Because AppleScript works at a fairly high level, it can only usefully be extended by means of special compiled modules, Scripting Additions, known by their file extension of .osax. These are stored in ScriptingAdditions folders in each of the Library folders, which you can augment from freeware and shareware OSAX to add XML handling and more. Apple’s Standard Additions, bundled with macOS, provide an extensive suite of commands and classes to support a GUI front end, including dialogs, alerts, and more.
In recent years AppleScript has languished a bit, no longer being plugged by Apple as a leading feature of macOS. Prior to OS X, Apple built admin front ends for IBM AIX servers in AppleScript, and for a while looked set to change the course of software engineering to small modular apps orchestrated by scripts, peaking in OpenDoc and its Internet suite Cyberdog (1996-7).
One of AppleScript’s most exciting abilities, letting you record sequences of actions into scripts, has faded into unjustified obscurity.
More recently it enjoyed brief revival when Xcode included AppleScript Studio, encouraging scripters to craft full-blown apps around an AppleScript core. Proponents of other scripting languages such as Java and Ruby have enjoyed patronage in cross-platform applications such as those in Adobe’s Creative Suite, but AppleScript lives on undaunted in macOS.
Automator and Visual Programming
Even ‘natural’ programming languages like AppleScript have to be learned, a task that many of us find too verbal and mechanical. Recognising this, Apple introduced Automator with OS X 10.4 in 2005 to help produce custom workflows and apps using more intuitive visual tools.
Although Automator is often assumed to be a development of AppleScript, apart from its ability to run AppleScript objects, it’s actually quite different. Instead of relying on AppleEvents and dictionaries, Automator’s modular actions are separate code objects installed in the Automator folder in a Library folder. macOS comes with a huge free library of actions that can accomplish tasks you might pay good money for, so familiarity can save you cost.
Automator is highly extensible, as its actions can include both AppleScript code and Terminal shell command scripts. Thus if you cannot find a standard action to do what you want, if it can be expressed in a suitable script, you can build that into your workflow.
Automator is much easier for the visually adept non-programmer, because it uses graphical objects to model the flow of data through its program steps. In this, it is the latest in a long line of only modestly successful attempts to offer ‘visual programming’. Two earlier efforts at this are National Instruments’ LabView, and ProGraph.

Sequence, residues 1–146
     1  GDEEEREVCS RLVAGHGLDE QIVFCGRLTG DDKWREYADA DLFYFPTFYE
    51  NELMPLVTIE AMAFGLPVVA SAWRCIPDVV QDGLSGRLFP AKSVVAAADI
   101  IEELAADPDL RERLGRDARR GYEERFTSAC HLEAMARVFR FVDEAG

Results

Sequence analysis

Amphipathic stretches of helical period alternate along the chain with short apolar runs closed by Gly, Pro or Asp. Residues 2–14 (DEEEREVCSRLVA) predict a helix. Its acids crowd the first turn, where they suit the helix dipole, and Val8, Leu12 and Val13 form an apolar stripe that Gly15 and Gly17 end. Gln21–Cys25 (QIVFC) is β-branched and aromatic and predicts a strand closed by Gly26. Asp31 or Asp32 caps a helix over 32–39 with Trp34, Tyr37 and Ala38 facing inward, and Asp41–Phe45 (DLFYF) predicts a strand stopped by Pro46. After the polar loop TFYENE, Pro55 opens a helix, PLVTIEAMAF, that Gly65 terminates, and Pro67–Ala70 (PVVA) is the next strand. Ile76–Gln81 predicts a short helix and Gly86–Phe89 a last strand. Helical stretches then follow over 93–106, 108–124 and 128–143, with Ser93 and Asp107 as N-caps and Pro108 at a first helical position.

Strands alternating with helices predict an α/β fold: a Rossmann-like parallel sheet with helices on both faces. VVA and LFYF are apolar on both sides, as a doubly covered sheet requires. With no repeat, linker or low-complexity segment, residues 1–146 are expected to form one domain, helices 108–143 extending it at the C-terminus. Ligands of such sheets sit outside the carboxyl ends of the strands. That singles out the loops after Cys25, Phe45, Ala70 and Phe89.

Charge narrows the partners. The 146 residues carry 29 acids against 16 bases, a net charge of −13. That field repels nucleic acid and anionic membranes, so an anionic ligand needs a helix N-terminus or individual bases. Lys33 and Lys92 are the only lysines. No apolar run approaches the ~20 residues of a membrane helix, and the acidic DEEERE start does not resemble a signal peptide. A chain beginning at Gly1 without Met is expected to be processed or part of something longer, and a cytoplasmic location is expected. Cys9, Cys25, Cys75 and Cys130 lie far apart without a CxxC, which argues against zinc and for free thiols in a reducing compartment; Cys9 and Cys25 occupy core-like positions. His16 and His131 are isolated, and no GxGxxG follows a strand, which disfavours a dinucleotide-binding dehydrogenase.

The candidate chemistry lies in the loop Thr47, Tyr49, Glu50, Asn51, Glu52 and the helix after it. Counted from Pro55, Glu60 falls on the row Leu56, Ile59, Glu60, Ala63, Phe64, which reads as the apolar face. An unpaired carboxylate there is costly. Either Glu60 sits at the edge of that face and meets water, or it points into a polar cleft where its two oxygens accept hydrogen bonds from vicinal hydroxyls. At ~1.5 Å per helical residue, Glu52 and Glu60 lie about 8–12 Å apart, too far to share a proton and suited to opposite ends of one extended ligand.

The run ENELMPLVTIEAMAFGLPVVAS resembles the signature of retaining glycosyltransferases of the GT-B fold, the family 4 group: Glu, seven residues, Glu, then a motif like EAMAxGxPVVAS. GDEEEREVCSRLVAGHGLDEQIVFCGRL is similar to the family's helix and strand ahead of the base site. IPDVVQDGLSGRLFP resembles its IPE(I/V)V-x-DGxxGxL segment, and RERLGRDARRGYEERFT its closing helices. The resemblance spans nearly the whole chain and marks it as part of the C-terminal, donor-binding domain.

LabView is used in a wide variety of scientific and engineering situations, to control lab equipment and process data acquired from it. ProGraph was a general-purpose visual programming language which once attracted a small but enthusiastic following, and was last seen as its successor Marten.
Shortcuts started out in the winter of 2014-15 as Workflow by DeskConnect. Apple bought it in 2017, and it became Shortcuts the following year, when it was integrated into Siri in iOS 12. Its arrival in macOS 12 was announced at WWDC this year (2021), as the successor to Automator, although Apple intends supporting both for the time being.
While Shortcuts on macOS can run AppleScript and shell scripts, the mechanisms involved in Shortcuts’ actions are completely different from AppleScript and Automator. For an app to support all three well requires it to present four different interfaces: one for the user in the GUI, AppleEvents, Automator actions, and now Shortcuts actions.
Four months after WWDC, Apple has released precious little documentation for developers; indeed, what it has produced in Xcode to date states that the interface required to support Shortcuts isn’t generally available in macOS 12, but is confined to Catalyst apps, which contradicts presentations given at WWDC, which stated clearly that Shortcuts was supported in AppKit, which is generally accessible. As a result, for most third-party developers Shortcuts support is unlikely to be feasible with the release of Monterey, and the only support is going to come in macOS itself and Apple’s own apps, much of which is still based on Shortcuts in iOS and iPadOS.
Over the coming weeks, I’m going to be looking in more detail at what Shortcuts on macOS has to offer both the user and the developer. Wish us luck!